Ernest Hemingway: Between Two Wars
In the early photographs, Hemingway has a bold expression—stepping forward, saying “This is me”—accompanied by a squint that holds the camera at a certain distance. The attitude stops short of an available emotion. Toward the end of his career he would grow used to hearing himself demoted for an excess of surface and showmanship, as if his identification with the roles of celebrity, sportsman, and revolutionist, the friend of boxers and movie stars, implied a distrust of literature itself. This criticism was a plausible half-truth. At heart, he was a listener, and to a large extent a mimic, with the intellect to judge and sift the voices that he heard. Of all the moderns, Hemingway was the foremost defender of revision as a proof of serious craft. The more you could throw away, he said, the surer you could be that something of substance was there to begin with.
As the wonderful exhibition at the Morgan Library makes clear, with its generous sample of photographs, books, corrected proof pages, and letters to and from the writer, Hemingway was already ambitious for fame in his teenage years in Oak Park, Illinois. His adolescent pieces show a strong pull toward genre fiction of the “boy’s adventure” type. (In his Paris Review interview with George Plimpton, he would rank “the good Kipling” and Captain Marryat alongside Thoreau, Twain, Turgenev, Mozart, Bruegel, and Cézanne among the artists he had “learned the most from.”) A fondness for boyish subject matter and excitement would never leave him; you can see it in the keyed-up manly dialogue and fast melodrama of his play The Fifth Column.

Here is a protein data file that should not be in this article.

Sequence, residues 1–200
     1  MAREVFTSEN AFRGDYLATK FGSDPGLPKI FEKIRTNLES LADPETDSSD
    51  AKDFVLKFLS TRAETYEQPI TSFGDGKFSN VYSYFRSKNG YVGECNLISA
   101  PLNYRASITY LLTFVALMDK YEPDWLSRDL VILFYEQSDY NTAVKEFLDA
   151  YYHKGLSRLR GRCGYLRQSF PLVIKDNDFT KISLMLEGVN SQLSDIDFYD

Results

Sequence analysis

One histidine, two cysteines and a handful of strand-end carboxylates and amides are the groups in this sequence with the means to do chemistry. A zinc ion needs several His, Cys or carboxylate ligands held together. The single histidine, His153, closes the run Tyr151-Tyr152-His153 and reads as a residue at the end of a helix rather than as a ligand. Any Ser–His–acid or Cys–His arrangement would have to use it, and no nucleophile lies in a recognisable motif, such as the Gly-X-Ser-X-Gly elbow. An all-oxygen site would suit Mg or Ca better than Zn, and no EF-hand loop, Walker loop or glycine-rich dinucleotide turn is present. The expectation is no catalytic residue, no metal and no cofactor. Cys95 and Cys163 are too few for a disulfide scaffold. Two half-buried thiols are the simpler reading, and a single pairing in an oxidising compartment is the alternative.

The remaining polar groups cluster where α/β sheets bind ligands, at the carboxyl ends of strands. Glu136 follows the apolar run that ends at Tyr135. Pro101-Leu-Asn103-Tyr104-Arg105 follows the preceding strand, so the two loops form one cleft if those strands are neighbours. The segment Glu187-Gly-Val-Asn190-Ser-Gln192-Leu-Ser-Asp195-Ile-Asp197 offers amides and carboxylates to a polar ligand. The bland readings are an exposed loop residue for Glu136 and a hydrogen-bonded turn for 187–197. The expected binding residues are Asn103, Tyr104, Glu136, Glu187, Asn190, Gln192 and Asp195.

But though Hemingway disliked “the trauma theory of literature,” especially as applied to himself, a particular grown-up experience seems to have formed him as much as any experience after childhood can do that for a writer. He was wounded in an Austrian trench mortar attack on July 8, 1918. His stories about soldiers who are recovering from battle injuries—“In Another Country,” “Now I Lay Me,” and “A Way You’ll Never Be,” all of them extraordinary work—introduced and brought to perfection a style that nothing in English had prepared his readers for.
In the last of these stories, Nick Adams (as usual a stand-in for the author) rides his bicycle past the scene of a battle and “saw what had happened by the position of the dead.” This opening is followed by a one-sentence paragraph: “They lay alone or in clumps in the high grass of the field and along the road, their pockets out, and over them were flies and around each body or group of bodies were the scattered papers.” The next paragraph is a straightforward…
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